SINGAPORE: In the recent 9/9 online shopping extravaganza, I did something quite uncharacteristic. I actually spent a fair amount of money.
I am not usually an avid online shopper but the bulk of my purchases was stuff for my kids – including children’s face masks.
With three young kids - a four-and-a-half year old daughter and a pair of twins just over the age of three – keeping them safe during COVID-19 has become a priority for my wife and me.
This included inculcating the importance of mask-wearing, in addition to other personal hygiene habits.
In the earlier days of the pandemic, especially during the circuit breaker, doing that was surprisingly easy. There was little to do. Nursery school, enrichment classes, playdates and birthday parties – the range of my kids’ social life – were put on hold.
We were quite grateful for the strict government measures mandating that the kids stayed put at home, minimising their exposure to the coronavirus in public areas.
THE BIG BAD WOLF
Truth be told, we were also glad that the kids didn’t have to venture out of our home, when doing so required putting on a mask.
How are our tiny tots going to tolerate a mask on their faces for such long periods of time, we wondered.
It seemed so restrictive. They are sure to yank it off after a few minutes, we thought to ourselves.
So best to just keep them at home as much as possible, and so we did.
That wasn’t easy either. Imagine explaining to pre-schoolers why they were home for about six to seven weeks, unable to attend school, meet their friends or visit their grandparents.
We told them about the big bad wolf that was COVID-19 and why everyone had to stay home when the predator was on the loose.
Still, I’m sure they were puzzled why Mummy and Papa had swapped our work formals for home wear and why we were constantly working even though we were home.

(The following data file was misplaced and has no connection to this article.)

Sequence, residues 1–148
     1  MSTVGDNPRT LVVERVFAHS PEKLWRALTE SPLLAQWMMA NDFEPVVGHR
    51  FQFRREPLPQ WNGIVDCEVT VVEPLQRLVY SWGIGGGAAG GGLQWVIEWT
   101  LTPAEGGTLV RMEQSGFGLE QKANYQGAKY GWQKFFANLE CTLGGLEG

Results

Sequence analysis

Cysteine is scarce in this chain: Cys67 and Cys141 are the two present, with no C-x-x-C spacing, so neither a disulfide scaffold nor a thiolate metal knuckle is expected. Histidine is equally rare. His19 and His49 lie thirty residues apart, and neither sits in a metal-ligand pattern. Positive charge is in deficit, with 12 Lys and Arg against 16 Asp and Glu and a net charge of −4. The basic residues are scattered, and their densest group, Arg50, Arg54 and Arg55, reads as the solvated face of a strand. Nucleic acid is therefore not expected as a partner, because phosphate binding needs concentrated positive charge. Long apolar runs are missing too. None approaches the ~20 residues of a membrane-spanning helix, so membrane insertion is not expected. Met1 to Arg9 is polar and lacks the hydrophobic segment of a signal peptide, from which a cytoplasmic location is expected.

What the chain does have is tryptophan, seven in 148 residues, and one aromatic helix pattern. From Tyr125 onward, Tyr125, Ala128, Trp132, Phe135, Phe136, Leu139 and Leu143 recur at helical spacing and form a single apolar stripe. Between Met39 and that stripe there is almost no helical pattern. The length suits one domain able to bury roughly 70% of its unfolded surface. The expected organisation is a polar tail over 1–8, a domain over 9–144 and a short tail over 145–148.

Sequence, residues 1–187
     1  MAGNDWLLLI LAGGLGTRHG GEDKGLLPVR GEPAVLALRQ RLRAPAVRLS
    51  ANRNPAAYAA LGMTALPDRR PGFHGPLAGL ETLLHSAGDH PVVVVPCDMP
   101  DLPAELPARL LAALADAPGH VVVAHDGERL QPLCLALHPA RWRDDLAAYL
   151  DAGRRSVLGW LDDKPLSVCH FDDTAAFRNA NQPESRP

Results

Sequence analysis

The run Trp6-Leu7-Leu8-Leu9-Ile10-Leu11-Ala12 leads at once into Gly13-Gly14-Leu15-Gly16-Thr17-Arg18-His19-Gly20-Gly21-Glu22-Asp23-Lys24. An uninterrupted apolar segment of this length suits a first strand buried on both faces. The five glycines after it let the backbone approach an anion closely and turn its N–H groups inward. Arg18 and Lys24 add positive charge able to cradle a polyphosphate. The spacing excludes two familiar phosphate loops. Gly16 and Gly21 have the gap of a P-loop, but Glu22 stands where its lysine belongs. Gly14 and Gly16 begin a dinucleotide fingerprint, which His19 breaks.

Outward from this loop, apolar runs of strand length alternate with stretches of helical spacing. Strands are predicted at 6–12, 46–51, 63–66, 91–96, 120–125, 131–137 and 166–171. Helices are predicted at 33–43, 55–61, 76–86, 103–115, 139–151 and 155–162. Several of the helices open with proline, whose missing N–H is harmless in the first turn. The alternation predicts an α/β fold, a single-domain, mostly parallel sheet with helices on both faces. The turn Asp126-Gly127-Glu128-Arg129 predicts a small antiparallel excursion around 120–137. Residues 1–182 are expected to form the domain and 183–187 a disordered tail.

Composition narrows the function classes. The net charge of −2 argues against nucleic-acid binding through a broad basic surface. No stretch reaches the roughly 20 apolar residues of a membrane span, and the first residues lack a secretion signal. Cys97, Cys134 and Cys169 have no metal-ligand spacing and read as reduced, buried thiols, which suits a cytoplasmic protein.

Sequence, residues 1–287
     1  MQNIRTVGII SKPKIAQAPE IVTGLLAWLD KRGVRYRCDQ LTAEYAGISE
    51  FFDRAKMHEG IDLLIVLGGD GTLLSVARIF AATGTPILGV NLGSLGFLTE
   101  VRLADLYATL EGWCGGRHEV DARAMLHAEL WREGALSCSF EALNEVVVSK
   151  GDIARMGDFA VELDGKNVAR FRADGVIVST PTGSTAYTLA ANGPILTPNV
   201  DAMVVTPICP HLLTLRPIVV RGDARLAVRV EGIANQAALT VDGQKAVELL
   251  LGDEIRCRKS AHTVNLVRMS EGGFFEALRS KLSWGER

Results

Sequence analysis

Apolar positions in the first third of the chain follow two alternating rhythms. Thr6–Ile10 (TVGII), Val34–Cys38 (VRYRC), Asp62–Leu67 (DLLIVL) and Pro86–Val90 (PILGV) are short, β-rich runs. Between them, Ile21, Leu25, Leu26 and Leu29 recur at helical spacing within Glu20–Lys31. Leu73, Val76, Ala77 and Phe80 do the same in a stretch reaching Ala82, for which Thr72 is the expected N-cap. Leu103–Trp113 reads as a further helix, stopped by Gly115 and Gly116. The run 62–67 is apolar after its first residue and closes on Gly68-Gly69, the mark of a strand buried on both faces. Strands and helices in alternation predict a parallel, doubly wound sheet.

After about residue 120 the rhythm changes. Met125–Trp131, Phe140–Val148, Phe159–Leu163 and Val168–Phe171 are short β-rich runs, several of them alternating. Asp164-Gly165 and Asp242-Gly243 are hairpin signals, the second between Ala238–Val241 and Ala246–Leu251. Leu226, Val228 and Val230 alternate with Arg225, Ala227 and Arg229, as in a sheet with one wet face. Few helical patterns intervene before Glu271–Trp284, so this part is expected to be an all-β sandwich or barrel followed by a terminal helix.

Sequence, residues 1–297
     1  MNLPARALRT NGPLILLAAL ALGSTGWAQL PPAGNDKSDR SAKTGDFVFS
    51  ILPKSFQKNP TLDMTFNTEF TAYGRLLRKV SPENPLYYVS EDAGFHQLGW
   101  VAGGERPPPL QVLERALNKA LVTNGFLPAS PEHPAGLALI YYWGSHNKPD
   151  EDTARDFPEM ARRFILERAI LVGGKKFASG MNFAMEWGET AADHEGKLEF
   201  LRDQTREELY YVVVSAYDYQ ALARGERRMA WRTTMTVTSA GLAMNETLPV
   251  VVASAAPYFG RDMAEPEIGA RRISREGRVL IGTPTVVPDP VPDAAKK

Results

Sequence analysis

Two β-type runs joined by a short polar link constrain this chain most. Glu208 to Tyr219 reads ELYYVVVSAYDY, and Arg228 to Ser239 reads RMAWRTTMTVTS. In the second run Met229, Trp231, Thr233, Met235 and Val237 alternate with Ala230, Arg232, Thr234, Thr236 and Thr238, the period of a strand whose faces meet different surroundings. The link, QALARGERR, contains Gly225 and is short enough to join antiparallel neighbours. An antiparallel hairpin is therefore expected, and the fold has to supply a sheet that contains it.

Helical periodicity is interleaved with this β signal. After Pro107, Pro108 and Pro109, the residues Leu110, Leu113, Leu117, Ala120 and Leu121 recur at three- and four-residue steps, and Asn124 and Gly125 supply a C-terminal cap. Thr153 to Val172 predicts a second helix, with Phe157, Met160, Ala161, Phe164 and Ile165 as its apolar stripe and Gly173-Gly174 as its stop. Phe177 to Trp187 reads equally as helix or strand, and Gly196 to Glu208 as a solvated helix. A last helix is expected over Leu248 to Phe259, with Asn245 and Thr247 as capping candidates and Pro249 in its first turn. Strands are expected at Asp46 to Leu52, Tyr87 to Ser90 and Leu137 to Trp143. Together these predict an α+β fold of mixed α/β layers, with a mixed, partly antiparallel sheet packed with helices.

But how we underestimated their ability to comprehend, process and be adaptable.
FROZEN MASKS IN VOGUE
In June, they went back to school after a two-month gap. This was a day of reckoning for us parents – there was no running away from our kids having to put on their face masks and shields for the entire duration in school.
Even after painstakingly explaining to them the need to do so, which, after several prompts, they claimed to understand, we were anxious that wouldn’t be enough.
We weren’t alone. In the days leading up to school re-opening, anxious parents flooded chat groups with questions, clarifications and concerns – on how much the school would enforce mask-wearing in classes and what happened if our kids couldn’t comply.
Our kids were fragile, cotton-wool wrapped, inflexible children who can’t identify and protect themselves against risks – so what exactly was the school going to do about that?
The reality, to our amazement, turned out to be quite different.
As we dropped our kids off to school on day one, their well-meaning and committed teachers smiled and gave us their best assurances.
To our astonishment, at the end of the first day, the teachers reported the kids were very compliant with little or no fuss in wearing their masks and keeping safe distances.
Naturally, there were questions, even the occasional whimpers, but none of them yanked off their masks, threw tantrums or reacted in any of the ways us parents had feared.
It must be the Frozen and Cars character masks that we had bought for them we thought. They were quite excited to sport their favourite cartoon characters.
Maybe it’s the power of these Anna and Paw Patrol masks?